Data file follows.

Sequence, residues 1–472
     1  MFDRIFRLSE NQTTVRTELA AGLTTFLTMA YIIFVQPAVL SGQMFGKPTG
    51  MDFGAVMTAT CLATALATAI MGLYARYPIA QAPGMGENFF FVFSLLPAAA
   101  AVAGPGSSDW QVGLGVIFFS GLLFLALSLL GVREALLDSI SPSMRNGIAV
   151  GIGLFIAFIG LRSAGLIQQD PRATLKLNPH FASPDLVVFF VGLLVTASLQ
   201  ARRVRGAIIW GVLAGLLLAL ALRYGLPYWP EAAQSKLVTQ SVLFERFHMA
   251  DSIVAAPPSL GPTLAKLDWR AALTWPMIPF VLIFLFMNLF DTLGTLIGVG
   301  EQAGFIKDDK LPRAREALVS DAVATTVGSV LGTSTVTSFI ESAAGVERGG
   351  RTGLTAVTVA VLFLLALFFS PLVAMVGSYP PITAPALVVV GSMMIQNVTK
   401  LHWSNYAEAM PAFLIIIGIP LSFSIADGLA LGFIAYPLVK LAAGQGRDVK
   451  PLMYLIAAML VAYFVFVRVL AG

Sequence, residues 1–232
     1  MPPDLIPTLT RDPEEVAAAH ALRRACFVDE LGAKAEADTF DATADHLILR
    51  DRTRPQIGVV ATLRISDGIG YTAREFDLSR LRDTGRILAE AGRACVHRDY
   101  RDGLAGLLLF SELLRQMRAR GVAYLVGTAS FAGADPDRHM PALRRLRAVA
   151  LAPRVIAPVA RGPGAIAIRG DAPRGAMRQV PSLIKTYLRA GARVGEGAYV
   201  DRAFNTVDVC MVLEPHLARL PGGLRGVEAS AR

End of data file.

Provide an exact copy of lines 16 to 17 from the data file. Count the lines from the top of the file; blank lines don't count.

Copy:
   151  LAPRVIAPVA RGPGAIAIRG DAPRGAMRQV PSLIKTYLRA GARVGEGAYV
   201  DRAFNTVDVC MVLEPHLARL PGGLRGVEAS AR